Fresh snow and colder temperatures across the Driftless make this the peak time for Nordic (also known as classic) skiers and skate skiers to hit the trails. Nancy Sojka is a Nordic skier who has skied in the area for more than 40 years. She and other skiers live for winter days when the temperature is around 20 degrees, and a fresh layer of powder covers heavier snow. While winter seems long, Sojka said there are only about 35 days of the year that fit criteria for Nordic skiers, and practicing trail etiquette whether walking, snowshoeing or skiing ensures everyone can get the most out of the season.
“Our season is so short. It can be frustrating when your ski hits a hole left by a boot print or even a paw print. Those marks left in the track by walkers, pets or snowshoers freeze when the sun hits them and can cause falls or equipment damage for skiers,” said Sojka.
The Decorah Park and Recreation Division agreed. The division works throughout the winter to groom more than 20 miles of trails to accommodate all types of trail users, making specific lanes for Nordic skiing, skate skiing and walkers.
“If your boot, bike tire or snowshoe is sinking in about an inch or more, consider it not a good time to be using the trail,” said Erika Huegel, Superintendent of Recreation and Business with the Decorah Parks and Recreation office. Huegel explained that grooves and ridges are the result of using the trails when conditions aren’t ideal, and once established this damage is hard to fix.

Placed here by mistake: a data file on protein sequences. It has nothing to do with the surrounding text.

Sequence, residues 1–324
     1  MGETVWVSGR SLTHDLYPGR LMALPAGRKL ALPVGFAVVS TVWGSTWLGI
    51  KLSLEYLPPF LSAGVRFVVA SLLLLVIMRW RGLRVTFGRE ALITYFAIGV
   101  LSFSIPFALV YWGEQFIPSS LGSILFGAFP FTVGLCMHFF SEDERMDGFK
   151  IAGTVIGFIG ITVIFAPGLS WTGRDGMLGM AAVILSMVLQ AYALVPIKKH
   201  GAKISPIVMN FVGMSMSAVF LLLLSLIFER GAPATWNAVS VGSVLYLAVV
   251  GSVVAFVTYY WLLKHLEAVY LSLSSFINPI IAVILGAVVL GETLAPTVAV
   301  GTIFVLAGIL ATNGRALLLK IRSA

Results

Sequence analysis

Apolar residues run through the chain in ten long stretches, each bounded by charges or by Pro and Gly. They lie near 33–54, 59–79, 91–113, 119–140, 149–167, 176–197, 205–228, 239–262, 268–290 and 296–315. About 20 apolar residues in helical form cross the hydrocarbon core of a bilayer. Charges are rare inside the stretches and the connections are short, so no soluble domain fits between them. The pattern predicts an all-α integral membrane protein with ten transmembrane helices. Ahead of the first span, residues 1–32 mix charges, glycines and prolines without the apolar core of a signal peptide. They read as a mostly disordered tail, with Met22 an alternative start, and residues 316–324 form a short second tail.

Huegel also suggested becoming familiar with signage and icons on trails noting which lanes are reserved for Nordic and skate skiers. Lanes for Nordic skiing often have two parallel tracks while lanes for skate skiing will have a smooth, packed surface much like an ice-skating rink surface. Additionally, skiers headed downhill have the right-of-way.
“The main thing is for walkers and those with pets to stay off the ski lanes to ensure everyone has the best experience,” Huegel said. “If you’re walking on a packed, pristine, glass-like surface, that’s not where you should be. That’s for skate skiers.”
The Decorah Park and Recreation website is the best resource for the latest information about groomed trails. Check the website before heading out for information on what trails are ready, suggestions for which trails best fit your activity and how to decipher trail signage.
New to Nordic skiing?
As an avid Nordic skier, Sojka favors ski areas like Silvercrest Golf Course, but for those just starting out or thinking about taking up the winter sport, Sojka suggests seeking out a flat, groomed trail where there are already tracks for ease and efficiency.
“Ice Cave Road is an excellent place to ski for your first time. It being flat and wide makes it a good spot for a beginner. You probably don’t want to go on a trail with a lot of hills your first time out,” Sojka said. She also suggests renting skis before buying to get familiar with the various types of skis and boots available. Decorah Bicycle rents Nordic skis as well as snowshoes. Dressing in layers to keep dry and warm but not too hot is also key.
“You burn a lot of calories skiing and you warm up quickly. That makes it possible to ski when it’s below zero and no wind. You should plan to dress for exertion,” Sojka said. She suggests checking out video tutorials online to learn skiing techniques and become familiar with what to wear and how to operate equipment.
“There are many resources online that are helpful to beginners,” Sojka said.
Winter trail tips: Know before you go
• Visit www.parks.decorahia.org or other community parks and recreation websites to check grooming schedules and trail conditions.
• Know your trail and who you’re sharing it with. Understand which lanes are reserved for your activity.
• Is it too warm to be using the trail? The trail could be damaged if boot prints, pet paws, snowshoes or bike tires are sinking an inch or more, it is not the best time to use it.